* Remove leaves and twigs and anything flammable from under the deck

* Give the plants and shrubs plenty of water to keep them hydrated

 

But don't stop there. Go ahead and download the checklist to find more tips and ideas that will help you “stay green” and wildfire safe on Earth Day and all year long!

WUI, wildfire, wildfire awards, wildfire conference,

A handful of NFPA staff are attending the Wildland-Urban Interface Conference (WUI) in Reno, Nevada this week to network with and learn from peers from across the country on a wide-range of wildfire topics including forest protection, safety and preparedness, land management, and more. During the conference, there was a special presentation announcing the winners of the 2017 Wildfire Mitigation Awards. NFPA is pleased to help announce the names of the recipients. They are:


• Ann Hogan (Town of Riverview, Wisconsin)
• Bob Betts (Prescott Area Wildland Urban Interface Commission, Prescott, Arizona)
• Brianna Binnebose (Utah Division of Forestry, Fire and State Lands)
• Brian Schaffler (USDA Forest Service)
• Chief Walton Daugherty (City of Helotes Fire Department, Helotes, Texas)
• City of Borger, Texas
• Heather Campbell (Pollock Pines Fire Safe Council, Pollock Pines, California)
• Jim Tencza (FireWise of Southwest Colorado, Bayfield, Colorado)
• Joanne Drummond (Fire Safe Council of Nevada County, Grass Valley, California)
• John T. Mele (Snowmass Wildcat Fire Protection District, Snowmass Village, Colorado)
• Pete Padelford (Blue Lake Springs Homeowners Association, Arnold, California)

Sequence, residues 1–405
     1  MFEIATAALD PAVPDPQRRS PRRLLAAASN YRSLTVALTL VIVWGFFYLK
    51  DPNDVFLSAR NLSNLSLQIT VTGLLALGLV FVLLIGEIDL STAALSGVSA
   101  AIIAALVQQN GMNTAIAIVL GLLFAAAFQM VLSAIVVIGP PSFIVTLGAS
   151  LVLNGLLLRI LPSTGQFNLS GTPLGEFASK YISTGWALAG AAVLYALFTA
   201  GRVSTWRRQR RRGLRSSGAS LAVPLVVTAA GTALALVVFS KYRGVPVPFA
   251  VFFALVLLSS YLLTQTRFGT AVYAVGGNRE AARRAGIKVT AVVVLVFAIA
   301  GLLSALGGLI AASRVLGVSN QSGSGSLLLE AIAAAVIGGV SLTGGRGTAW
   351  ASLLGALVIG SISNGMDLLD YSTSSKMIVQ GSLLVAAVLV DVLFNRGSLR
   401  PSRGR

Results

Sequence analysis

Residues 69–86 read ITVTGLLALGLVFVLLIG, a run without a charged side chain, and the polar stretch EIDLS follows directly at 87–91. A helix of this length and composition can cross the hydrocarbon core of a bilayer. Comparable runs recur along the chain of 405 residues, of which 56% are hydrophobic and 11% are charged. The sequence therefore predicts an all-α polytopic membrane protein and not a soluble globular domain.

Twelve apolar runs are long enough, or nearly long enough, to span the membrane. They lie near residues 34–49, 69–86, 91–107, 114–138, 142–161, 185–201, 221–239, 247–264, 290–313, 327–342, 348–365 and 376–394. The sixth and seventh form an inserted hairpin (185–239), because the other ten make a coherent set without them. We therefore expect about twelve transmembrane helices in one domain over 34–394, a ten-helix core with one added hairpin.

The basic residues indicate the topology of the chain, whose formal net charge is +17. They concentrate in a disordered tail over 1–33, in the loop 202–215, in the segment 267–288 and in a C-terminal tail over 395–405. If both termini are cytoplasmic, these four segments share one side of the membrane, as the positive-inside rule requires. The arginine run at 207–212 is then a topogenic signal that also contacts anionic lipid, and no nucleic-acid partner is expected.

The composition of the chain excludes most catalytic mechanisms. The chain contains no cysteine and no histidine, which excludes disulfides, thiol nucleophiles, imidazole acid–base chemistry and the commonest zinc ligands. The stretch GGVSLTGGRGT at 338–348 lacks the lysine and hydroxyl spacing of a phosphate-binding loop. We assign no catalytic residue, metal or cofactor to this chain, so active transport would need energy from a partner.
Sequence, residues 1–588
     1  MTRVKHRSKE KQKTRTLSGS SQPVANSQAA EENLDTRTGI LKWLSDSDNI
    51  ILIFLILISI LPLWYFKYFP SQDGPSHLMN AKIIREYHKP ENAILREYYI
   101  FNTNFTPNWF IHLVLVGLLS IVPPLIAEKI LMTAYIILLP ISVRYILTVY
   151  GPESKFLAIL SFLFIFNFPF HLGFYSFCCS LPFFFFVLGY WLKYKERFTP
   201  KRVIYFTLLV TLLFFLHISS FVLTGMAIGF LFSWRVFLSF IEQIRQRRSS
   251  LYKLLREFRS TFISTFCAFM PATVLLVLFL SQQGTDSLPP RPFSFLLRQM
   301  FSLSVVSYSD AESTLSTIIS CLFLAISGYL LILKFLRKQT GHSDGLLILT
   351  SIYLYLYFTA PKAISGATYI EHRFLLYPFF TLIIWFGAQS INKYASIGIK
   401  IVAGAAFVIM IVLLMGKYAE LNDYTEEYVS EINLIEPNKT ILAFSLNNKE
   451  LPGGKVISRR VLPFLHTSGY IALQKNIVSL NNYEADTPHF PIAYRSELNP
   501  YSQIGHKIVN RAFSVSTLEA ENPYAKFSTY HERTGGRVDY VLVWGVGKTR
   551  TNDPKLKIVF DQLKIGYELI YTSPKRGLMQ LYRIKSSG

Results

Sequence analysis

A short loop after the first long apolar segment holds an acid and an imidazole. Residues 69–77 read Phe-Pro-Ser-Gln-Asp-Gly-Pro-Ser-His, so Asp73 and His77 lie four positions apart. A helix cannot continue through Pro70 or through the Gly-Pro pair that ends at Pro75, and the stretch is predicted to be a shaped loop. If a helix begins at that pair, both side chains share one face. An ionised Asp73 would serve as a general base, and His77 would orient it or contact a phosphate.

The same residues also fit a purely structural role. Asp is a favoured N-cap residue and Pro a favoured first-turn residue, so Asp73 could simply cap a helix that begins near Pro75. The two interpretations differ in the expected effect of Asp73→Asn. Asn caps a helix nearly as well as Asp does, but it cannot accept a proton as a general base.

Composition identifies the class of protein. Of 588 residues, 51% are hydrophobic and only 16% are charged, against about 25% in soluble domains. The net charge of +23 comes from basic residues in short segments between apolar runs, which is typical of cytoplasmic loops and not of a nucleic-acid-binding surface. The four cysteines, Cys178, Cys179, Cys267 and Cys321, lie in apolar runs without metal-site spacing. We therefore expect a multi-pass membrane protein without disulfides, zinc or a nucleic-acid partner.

• Rebecca Samulski (FireWise of Southwest Colorado, Dolores, Colorado)
• Santa Fe Fire Department Wildland Division (Santa Fe, New Mexico)
• Yarnell Fire Mitigation Cooperative (Yarnell, Arizona)


In case you weren’t aware, the awards were established in 2014 and are the highest commendation for innovation and leadership displayed by individuals and organizations committed to wildfire mitigation. Know someone (or a group of people) whose work deserves recognition? Consider nominating them during next year’s nomination period!


In addition, Jack Cohen, USDA Forest Service retiree, received the 2017 Wildfire Mitigation Legacy Award for his work in developing the science behind many effective wildland-fire mitigation concepts used today across North America. For many who know Jack and his work, this award is well deserved.


The awards are sponsored by the National Association of State Foresters (NASF), the International Association of Fire Chiefs (IAFC), NFPA, and the USDA Forest Service (USFS). Learn more by visiting NASF's website, and stay tuned for more details on next year’s award nomination details!

 

Photo (L to R): Chief John Sinclair, President, IAFC; Vicki Christiansen, Deputy Chief of State and Private Forestry, USDA Forest Service; Jack Cohen, USDA Forest Service retiree, Lorraine Carli, Vice President for Outreach & Advocacy, NFPA; Jim Karels, NASF and Florida state forester. 


 

In 2015, the nation’s largest fire in terms of direct property loss was the Valley Fire that occurred in California. Three days after that fire began, the next-biggest large-loss fire of the year, the Butte Fire, also broke out in California.